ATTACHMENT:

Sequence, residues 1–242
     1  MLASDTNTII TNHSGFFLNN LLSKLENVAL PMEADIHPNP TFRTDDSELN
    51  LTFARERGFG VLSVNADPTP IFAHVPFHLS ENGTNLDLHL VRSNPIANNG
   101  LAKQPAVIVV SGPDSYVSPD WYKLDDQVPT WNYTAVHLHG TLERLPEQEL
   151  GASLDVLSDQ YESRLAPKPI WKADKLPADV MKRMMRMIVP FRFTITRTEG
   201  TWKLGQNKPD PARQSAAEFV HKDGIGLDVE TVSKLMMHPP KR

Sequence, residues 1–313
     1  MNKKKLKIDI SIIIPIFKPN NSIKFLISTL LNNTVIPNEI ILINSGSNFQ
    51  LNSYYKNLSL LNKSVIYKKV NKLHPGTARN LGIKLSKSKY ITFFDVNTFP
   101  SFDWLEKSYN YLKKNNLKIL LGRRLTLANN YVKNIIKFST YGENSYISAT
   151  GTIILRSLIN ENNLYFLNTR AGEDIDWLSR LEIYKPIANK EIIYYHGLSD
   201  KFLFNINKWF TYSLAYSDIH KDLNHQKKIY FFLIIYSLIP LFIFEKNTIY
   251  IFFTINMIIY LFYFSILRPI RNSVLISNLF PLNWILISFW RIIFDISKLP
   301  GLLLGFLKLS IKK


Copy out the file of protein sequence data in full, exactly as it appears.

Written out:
Sequence, residues 1–242
     1  MLASDTNTII TNHSGFFLNN LLSKLENVAL PMEADIHPNP TFRTDDSELN
    51  LTFARERGFG VLSVNADPTP IFAHVPFHLS ENGTNLDLHL VRSNPIANNG
   101  LAKQPAVIVV SGPDSYVSPD WYKLDDQVPT WNYTAVHLHG TLERLPEQEL
   151  GASLDVLSDQ YESRLAPKPI WKADKLPADV MKRMMRMIVP FRFTITRTEG
   201  TWKLGQNKPD PARQSAAEFV HKDGIGLDVE TVSKLMMHPP KR

Sequence, residues 1–313
     1  MNKKKLKIDI SIIIPIFKPN NSIKFLISTL LNNTVIPNEI ILINSGSNFQ
    51  LNSYYKNLSL LNKSVIYKKV NKLHPGTARN LGIKLSKSKY ITFFDVNTFP
   101  SFDWLEKSYN YLKKNNLKIL LGRRLTLANN YVKNIIKFST YGENSYISAT
   151  GTIILRSLIN ENNLYFLNTR AGEDIDWLSR LEIYKPIANK EIIYYHGLSD
   201  KFLFNINKWF TYSLAYSDIH KDLNHQKKIY FFLIIYSLIP LFIFEKNTIY
   251  IFFTINMIIY LFYFSILRPI RNSVLISNLF PLNWILISFW RIIFDISKLP
   301  GLLLGFLKLS IKK